Children’s Hospital of Philadelphia (CHOP) scientists participated in a large international research consortium to discover and analyze genetic influences on common forms of epilepsy. The findings may provide useful leads for future precision-medicine based therapies to help control seizures in children and adults.
Over 150 researchers from five continents contributed to the study by the International League Against Epilepsy Consortium on Complex Epilepsies (ILAE Consortium), which published its results Dec. 10, 2018, in Nature Communications.
The co-corresponding authors of the paper were Gianpero Cavellari, PhD, of the Royal College of Surgeons in Ireland, and Samuel F. Berkovic, MD, of the Epilepsy Research Centre at the University of Melbourne, Australia. The ILAE consortium performed a genome-wide association study (GWAS), comparing DNA from 15,000 patients with epilepsy to DNA from 30,000 healthy control subjects, to discover genetic locations linked to epilepsy risk. The DNA, from 24 different cohorts, came from Caucasian, Asian and African-American populations.
Of the 24 collections of DNA, the largest group was the Philadelphia Cohort, led by CHOP. That cohort contributed DNA from 1,734 cases and 9,337 controls, drawn from Caucasian and African-American populations recruited by the Center for Applied Genomics (CAG) at CHOP. “This study illustrates the importance of multicenter consortia,” said co-author Hakon Hakonarson, MD, PhD, Director of the CAG. “No individual cohort would provide enough samples with the statistical power to find associations such as you can obtain from this mega-analysis with tens of thousands of samples.”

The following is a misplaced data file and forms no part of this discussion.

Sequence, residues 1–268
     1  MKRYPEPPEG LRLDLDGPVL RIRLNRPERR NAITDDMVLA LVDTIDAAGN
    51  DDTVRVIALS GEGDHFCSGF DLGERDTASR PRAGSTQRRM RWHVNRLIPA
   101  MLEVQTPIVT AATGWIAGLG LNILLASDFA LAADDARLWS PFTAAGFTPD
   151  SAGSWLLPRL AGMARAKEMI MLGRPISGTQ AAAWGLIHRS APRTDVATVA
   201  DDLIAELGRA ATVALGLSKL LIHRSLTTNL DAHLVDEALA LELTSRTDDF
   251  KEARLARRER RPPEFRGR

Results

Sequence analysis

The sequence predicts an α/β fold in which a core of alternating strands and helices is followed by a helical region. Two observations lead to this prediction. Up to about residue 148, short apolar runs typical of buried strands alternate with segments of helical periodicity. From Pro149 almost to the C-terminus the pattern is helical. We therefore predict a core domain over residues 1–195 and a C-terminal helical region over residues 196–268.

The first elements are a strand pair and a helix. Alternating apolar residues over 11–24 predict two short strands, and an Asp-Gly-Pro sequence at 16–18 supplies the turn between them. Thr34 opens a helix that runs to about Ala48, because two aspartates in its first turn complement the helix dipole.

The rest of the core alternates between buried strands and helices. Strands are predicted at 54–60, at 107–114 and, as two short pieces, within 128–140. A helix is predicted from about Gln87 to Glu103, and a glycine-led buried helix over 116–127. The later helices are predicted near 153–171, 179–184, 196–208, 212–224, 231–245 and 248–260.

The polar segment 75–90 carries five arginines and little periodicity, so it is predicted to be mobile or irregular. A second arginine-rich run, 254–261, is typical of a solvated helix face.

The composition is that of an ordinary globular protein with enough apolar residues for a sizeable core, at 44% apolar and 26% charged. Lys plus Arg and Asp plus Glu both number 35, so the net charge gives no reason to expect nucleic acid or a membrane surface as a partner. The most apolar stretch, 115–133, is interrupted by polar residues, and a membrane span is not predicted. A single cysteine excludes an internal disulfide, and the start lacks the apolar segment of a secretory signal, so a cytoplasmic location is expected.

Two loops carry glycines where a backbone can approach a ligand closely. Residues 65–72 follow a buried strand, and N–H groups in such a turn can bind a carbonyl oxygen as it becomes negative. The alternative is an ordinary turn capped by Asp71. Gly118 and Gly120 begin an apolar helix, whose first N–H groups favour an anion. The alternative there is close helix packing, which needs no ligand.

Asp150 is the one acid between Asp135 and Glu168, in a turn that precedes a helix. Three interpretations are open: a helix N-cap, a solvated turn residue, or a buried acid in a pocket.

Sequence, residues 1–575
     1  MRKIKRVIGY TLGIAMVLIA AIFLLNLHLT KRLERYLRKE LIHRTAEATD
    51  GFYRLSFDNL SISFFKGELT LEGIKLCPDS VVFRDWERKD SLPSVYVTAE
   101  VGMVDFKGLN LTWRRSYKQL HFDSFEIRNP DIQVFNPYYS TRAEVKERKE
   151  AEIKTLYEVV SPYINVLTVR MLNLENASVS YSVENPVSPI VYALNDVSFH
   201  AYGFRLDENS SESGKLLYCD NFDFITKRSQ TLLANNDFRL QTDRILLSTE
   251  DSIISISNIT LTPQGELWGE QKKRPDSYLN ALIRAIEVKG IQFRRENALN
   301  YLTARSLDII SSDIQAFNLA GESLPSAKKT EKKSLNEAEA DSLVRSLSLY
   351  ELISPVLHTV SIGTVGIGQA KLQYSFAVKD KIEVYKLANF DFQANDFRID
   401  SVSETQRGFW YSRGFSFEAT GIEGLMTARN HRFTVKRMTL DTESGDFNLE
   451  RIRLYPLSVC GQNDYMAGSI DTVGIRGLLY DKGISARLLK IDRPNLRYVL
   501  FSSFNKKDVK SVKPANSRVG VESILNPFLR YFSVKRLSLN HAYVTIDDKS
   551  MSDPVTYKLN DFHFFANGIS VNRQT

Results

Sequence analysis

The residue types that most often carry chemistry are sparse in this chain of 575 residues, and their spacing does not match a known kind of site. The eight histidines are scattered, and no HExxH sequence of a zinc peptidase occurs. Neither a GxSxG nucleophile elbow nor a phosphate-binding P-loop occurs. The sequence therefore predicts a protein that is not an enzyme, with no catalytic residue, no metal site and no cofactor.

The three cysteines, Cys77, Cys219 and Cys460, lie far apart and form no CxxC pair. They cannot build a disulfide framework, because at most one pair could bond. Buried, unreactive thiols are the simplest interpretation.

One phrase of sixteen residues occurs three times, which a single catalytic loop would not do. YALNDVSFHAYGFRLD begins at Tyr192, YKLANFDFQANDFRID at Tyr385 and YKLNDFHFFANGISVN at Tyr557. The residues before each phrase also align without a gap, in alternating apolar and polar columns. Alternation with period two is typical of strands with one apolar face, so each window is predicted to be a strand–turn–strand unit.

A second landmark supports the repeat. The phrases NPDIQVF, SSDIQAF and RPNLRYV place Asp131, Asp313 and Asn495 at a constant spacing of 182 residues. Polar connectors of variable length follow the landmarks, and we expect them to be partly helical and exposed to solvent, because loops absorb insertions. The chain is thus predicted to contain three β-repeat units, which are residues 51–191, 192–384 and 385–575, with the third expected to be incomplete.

The genome-wide study revealed 16 significant loci, 11 of which had not previously been associated with epilepsy. These risk loci were common variants, and the majority were associated with genetic generalized epilepsy. These risk variants led the researchers to 21 candidate genes most likely to have a role in epilepsy. The study team identified various biological functions among those genes, such as regulating signal transmission between brain cells, metabolizing vitamin-B6, and controlling gene expression in the brain.
The researchers found that 13 out of 24 currently licensed anti-epilepsy drugs target genes that were implicated in the current study. Notably, they identified 166 other known drugs that target some of their candidate genes, offering the potential to identify further targets for epilepsy treatments. “Studies at this scale allow us to better understand biological mechanisms that we are not aware of yet,” said study co-author Ingo Helbig, MD, an attending physician and epilepsy genetics researcher in CHOP’s Neurogenetics Program. “This will be important in finding pathways to target with new medications.”
Epilepsy is one of the most common neurological disorders in children and adults, and CHOP is the regional leader in the Pennsylvania-New Jersey-Delaware area in treating children with epilepsy. “Up to 30 percent of children with epilepsy have difficult-to-treat seizures in which new strategies are urgently needed,” said co-author Dennis Dlugos, MD, Director of CHOP’s Pediatric Epilepsy Program. “It is our hope that this new knowledge will help researchers to develop targeted therapies to control seizures in the future. This is an area of active development.”
Multiple grants, from the National Institutes of Health, several European research ministries, and private foundations, supported this research.
International League Against Epilepsy Consortium on Complex Epilepsies, “Genome-wide mega-analysis identifies 16 loci and highlights diverse biological mechanisms in the common epilepsies,” Nature Communications, published online Dec. 10, 2018.
Also see the posting by Helbig on this study on Beyond the Ion Channel, the official blog of the Genetics Commission of the International League Against Epilepsy.
Children’s Hospital of Philadelphia